Gloucestershire build on perfect platform
Dan Housego and Hamish Marshall extended their record fourth-wicket stand to 280 before Gloucestershire strengthened their position with two cheap wickets on a truncated second day against Essex at Chelmsford.
Housego and Marshall, twin centurions on day one, made it to 150 and 149 respectively as the visitors posted 409 for five declared.
On a day that saw 59 overs lost to rain, Essex then stumbled to 30 for two as James Fuller accounted for Rob Quiney and Ben Foakes.
Rain ensured play did not commence until 3:10pm, but Marshall and Housego soon scored freely after resuming with Gloucestershire on 300 for three.
They did so chiefly at the expense of fast bowler Maurice Chambers, who was despatched to the boundary five times in his first three overs.
The first three were gathered by Marshall, although the New Zealander did survive an escape when Chambers, diving forward in his followthrough, failed to hold onto a firmly-struck drive.
Chambers was removed from the attack after conceding 26 runs in four overs before 20 year-old speed merchant Tymal Mills earned Essex a much-needed breakthrough.
That arrived when Marshall, seeking to emulate the uppercut stroke which brought him a six against Graham Napier a day earlier, was caught just inside the third man boundary by Quiney.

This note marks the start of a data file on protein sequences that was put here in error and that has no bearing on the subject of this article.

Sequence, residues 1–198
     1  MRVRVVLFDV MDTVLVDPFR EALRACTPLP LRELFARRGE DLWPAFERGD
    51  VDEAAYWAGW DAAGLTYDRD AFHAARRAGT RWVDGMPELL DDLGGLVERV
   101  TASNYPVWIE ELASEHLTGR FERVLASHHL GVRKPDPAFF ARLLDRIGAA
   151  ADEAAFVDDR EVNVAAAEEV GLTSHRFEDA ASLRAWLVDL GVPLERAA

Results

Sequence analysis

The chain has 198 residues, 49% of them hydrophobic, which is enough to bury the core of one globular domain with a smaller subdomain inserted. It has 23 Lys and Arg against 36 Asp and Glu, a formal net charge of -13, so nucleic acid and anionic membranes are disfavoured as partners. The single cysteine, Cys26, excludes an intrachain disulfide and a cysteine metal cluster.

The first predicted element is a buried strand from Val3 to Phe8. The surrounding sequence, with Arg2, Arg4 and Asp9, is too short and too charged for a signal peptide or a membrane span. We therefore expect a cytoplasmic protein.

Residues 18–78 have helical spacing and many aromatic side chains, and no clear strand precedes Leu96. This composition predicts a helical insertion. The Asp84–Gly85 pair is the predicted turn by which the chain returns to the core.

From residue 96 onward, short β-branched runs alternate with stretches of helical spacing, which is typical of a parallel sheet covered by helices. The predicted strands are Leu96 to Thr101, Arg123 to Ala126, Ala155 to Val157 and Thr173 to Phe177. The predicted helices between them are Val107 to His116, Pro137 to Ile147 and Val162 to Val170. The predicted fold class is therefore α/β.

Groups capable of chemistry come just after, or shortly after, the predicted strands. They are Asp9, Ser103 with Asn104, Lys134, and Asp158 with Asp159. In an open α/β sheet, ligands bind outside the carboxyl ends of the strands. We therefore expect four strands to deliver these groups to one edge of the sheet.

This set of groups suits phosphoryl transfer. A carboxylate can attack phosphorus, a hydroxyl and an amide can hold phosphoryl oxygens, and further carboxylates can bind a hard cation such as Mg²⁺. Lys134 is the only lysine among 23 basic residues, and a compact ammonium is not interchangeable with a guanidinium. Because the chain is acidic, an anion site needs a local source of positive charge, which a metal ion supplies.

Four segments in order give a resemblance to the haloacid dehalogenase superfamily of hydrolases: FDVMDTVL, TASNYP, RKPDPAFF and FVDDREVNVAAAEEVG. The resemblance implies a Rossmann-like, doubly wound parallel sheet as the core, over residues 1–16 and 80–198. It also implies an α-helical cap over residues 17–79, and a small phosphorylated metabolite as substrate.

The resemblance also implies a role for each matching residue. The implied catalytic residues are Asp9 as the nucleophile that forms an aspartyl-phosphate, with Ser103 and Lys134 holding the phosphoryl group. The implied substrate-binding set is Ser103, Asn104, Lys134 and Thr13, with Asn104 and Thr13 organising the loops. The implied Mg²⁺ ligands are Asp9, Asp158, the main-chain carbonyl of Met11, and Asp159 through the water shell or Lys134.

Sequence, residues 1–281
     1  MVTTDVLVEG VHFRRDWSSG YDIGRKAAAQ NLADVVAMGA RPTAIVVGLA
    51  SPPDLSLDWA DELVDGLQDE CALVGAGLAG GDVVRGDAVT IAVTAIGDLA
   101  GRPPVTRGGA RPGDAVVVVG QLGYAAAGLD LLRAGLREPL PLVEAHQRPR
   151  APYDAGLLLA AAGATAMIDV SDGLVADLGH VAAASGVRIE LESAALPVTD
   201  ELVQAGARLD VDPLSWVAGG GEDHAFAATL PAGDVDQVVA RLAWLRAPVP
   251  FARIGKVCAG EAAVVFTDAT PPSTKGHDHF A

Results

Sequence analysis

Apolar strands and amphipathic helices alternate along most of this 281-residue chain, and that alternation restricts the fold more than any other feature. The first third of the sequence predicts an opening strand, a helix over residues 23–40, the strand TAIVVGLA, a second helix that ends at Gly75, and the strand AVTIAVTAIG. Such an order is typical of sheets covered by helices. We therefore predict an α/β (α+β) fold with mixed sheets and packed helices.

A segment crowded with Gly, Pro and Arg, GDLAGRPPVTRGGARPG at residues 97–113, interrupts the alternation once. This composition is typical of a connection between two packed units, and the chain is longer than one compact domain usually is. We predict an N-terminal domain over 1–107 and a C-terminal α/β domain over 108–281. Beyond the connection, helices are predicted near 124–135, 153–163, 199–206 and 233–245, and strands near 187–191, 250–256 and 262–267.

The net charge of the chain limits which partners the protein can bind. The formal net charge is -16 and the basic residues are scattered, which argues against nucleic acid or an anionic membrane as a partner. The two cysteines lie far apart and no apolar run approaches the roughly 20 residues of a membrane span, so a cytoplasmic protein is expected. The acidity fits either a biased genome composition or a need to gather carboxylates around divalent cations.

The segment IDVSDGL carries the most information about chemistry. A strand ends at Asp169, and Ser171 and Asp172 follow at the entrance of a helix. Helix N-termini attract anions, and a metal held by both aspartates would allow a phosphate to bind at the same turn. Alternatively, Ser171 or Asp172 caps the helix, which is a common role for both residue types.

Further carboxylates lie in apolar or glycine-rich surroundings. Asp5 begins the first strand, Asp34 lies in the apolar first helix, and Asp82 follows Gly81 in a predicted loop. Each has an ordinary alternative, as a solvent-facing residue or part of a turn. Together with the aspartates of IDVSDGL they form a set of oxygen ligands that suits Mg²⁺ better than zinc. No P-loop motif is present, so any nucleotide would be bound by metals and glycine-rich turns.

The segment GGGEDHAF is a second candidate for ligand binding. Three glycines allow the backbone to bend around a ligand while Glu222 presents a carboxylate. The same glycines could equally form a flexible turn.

Marshall’s innings, which contributed to a record stand for any wicket by Gloucestershire against Essex, contained 19 fours and a six.
His exit was soon followed by the departure of Housego, who fell lbw to a Ravi Bopara delivery that kept low.
Housego, who laced his innings with 18 boundaries while adopting a mainly cautious approach, faced 341 deliveries while recording his highest first-class score.
Benny Howell struck a well-constructed 37 containing four fours, before Gloucestershire declared.
They were quickly rewarded with success when Essex embarked upon their reply.
Australian Quiney, making his championship debut for the hosts, found the boundary with a leg-side glance against Fuller, but it proved his only scoring stroke because the next ball knocked back his off stump with the total on 11.
Fuller struck again with the total on 23 when Foakes guided the ball to Chris Dent at second slip.
Yet before the bowler could inflict further damage, bad light ended play for the day.